Bennett Ragan, the campaign manager of Florida state house candidate Kayser Enneking, said he got two of the emails and knew about 10 other people in Gainesville who also got them. Bennett said the home address included in the personalized email he received was not current so he figures the data on him was acquired from the 2018 primary election voter roll.
The emails were sent by a group — its identity unknown — that put considerable time and effort into identifying vulnerable internet servers in several countries including Estonia, Saudi Arabia and the United Arab Emirates which they hijacked to send the emails, said security researcher John Scott-Railton, who examined dozens. Voters in Arizona and Alaska also received them, he said.
The Associated Press obtained the personalized email from two Florida voters in different parts of the state.
Scott-Railton, of the Citizen Lab online civil-rights project at the University of Toronto, said the Proud Boys email address that the spammers placed in the email’s sender field was “a flag of convenience.” The true addresses of origin — not readily visible but listed in email headers — were the hijacked servers. The emails reviewed by the AP both appeared to originate from a business in Estonia.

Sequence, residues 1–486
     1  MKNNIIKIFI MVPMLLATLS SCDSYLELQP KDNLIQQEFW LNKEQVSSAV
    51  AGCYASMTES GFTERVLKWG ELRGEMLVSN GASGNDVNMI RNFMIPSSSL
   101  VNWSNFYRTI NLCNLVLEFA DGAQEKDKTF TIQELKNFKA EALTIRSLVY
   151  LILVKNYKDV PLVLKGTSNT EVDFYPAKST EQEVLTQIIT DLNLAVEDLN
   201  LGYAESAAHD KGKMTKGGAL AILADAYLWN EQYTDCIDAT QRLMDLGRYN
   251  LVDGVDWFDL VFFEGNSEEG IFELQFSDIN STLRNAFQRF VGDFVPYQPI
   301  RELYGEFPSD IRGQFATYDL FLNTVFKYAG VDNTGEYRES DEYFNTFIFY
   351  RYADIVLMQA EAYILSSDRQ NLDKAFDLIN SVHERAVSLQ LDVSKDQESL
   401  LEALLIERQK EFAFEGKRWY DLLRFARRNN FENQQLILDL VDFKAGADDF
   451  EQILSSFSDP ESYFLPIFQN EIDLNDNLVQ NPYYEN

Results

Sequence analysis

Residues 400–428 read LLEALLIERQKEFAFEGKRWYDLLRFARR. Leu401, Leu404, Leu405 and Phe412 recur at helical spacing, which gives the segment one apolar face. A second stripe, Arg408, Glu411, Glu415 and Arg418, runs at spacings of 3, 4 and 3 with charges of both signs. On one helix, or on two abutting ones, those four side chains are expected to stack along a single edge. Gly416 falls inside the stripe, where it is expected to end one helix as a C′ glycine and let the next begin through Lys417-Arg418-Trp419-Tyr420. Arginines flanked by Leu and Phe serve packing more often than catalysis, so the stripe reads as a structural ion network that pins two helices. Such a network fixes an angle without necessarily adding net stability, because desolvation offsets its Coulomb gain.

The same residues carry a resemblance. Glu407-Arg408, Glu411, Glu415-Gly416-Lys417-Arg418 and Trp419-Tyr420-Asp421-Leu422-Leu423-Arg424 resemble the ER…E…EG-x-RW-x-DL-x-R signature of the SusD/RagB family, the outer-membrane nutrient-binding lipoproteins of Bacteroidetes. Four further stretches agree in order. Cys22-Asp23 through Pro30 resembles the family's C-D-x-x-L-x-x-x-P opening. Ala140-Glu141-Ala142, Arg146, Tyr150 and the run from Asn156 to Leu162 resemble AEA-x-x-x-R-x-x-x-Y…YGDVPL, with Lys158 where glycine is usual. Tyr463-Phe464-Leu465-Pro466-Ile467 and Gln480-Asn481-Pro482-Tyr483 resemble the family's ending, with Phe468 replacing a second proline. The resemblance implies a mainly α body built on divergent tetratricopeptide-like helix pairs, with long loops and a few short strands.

And while the operation was not terribly sophisticated, it may still have been backed by a nation-state. There are documented cases in which Russian agents have sent threatening mail, including to U.S. military spouses. Ukraine has also been hit by email hoaxes suspected to be the work of the Kremlin. Intelligence services like to use such techniques because they don’t bear the stamp of government, thus providing deniability.
“We’ve definitely seen state actors impersonate political figures and factions in the past. It wouldn’t be unheard of for them to do that in this case,” said John Hultquist, director of threat intelligence analysis at the cybersecurity firm FireEye. None of the Russian military hackers indicted by U.S. prosecutors for interfering in the 2016 presidential election on Trump’s behalf have been brought to justice.